Our results are consistent with our previous analysis of interim ADVANCE data, in which 39.8% of patients in the peginterferon beta-1a every 2 weeks group, and 17.8% in the placebo group, achieved overall NEDA in Year 1 (based on an LOCF analysis using the same NEDA definition as the current analysis) [13]. In the current analysis, overall NEDA rates over 2 years (baseline to Week 96) were 36.7% in the continuous peginterferon beta-1a group and 15.8% in the delayed treatment group. However, when we looked specifically at Year 2, these values increased to 56.6% and 34.9%, respectively. This supports the suggestion, based on our previous analysis, that it may be preferable to begin to assess NEDA status after a standard period of time (i.e., 6–12 months) following initiation of treatment, since MRI components may be affected by accrual of lesions early on before treatment efficacy becomes apparent [13].

The finding that more than half of patients on peginterferon beta-1a every 2 weeks achieved overall NEDA in Year 2 is encouraging, as recent longitudinal study in which NEDA status was monitored in a cohort of patients with MS over 7 years suggested that NEDA status at 2 years was a prognostic indicator for long term outcomes [17]. Future analyses of data from the ongoing ATTAIN study (an extension of ADVANCE) will reveal whether NEDA status is maintained for a high proportion of patients with longer-term peginterferon beta-1a treatment.

NEDA (sometimes referred to as FMDA or disease activity free [DAF]) has been assessed for many of the newer disease-modifying therapies becoming available for the treatment of MS. Rates are quite variable, with reported rates for overall-NEDA over 2 years ranging from 18% to 46% in trials of teriflunomide, dimethyl fumarate (DMF), fingolimod, natalizumab and cladribine [9, 10, 12, 1820]. Rates should be compared with caution, as differences in study design, patient populations and MRI analysis techniques could contribute to variation, [8, 21, 22] although NEDA rates in placebo groups in these trials did not vary as widely as those in active treatment groups (7–16%). Considering differences in terms of ORs helps to account for differences in the sensitivity of the analyses, although ORs are not always provided in reporting of NEDA analyses. In a combined post-hoc analysis of data from the DEFINE and CONFIRM studies, the OR for achieving overall NEDA with DMF 240 mg twice daily versus placebo was 2.7 (23% vs 11%; p < 0.0001), [19] and in the CLARITY study ORs for cladribine 3.5 mg/kg and 5.25 mg/kg versus placebo were 4 · 28 and 4 · 62, respectively (44% and 46% vs 16%; both p < 0.0001) [10]. Peginterferon beta-1a administered continuously every 2 weeks for 2 years approximately tripled the likelihood of achieving overall-NEDA (OR 3.09) compared with delayed treatment.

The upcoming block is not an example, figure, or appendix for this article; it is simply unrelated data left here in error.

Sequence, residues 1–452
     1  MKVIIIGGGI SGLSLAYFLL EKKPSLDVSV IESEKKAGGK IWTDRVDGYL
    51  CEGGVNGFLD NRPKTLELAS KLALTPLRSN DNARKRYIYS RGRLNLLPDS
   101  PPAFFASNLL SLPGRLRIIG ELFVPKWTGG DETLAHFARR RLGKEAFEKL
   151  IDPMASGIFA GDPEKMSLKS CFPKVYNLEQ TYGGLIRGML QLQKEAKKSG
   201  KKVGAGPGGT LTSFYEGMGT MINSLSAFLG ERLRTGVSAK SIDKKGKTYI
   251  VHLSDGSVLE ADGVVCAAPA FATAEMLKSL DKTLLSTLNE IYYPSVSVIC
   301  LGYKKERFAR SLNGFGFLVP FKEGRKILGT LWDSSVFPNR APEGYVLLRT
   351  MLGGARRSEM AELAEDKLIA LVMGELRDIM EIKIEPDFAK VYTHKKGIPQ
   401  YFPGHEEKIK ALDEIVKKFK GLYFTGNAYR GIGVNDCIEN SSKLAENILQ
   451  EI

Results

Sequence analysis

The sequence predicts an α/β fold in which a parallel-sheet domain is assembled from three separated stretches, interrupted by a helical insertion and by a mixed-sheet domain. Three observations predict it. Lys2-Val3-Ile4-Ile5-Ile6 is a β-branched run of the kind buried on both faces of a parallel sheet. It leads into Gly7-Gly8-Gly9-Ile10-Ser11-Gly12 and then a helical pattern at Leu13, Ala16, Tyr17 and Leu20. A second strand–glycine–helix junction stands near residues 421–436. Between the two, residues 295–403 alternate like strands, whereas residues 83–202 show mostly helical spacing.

Determining the relevance of this data to real-world experience will require further investigation, as patients are rarely completely lesion-free and have varying degrees of lesion activity. Interpretation is complicated by “noise” in the measurement of new lesions related to technical factors associated with the MRI acquisition and rater variability [23]. In part for these reasons, clinicians often look at a threshold for new lesions, which may be different between physicians, hospitals, and even different countries. A consensus on the use of MRI techniques and analysis may prove to be very beneficial to the study of MS, its pathophysiology, and potential treatments.

Conclusion

Analyses of MRI outcomes and NEDA outcomes, along with efficacy for clinical endpoints previously reported, [5, 6, 13] show that the efficacy of peginterferon beta-1a is extended beyond the first year of the ADVANCE study, illustrating the benefits of peginterferon beta-1a on a number of different MRI outcomes as well as clinical-NEDA status. SC peginterferon every 2 weeks is the least frequently dosed interferon therapy for the treatment of multiple sclerosis, and the present analysis further supports the use of this therapy in patients with RRMS.

Footnotes
1

Relapses (confirmed by the independent neurologic evaluation committee) were defined as new or recurrent neurologic symptoms not associated with fever or infection, lasting for ≥24 h, and accompanied by new objective neurologic findings, and separated from the onset of other confirmed relapses by at least 30 days.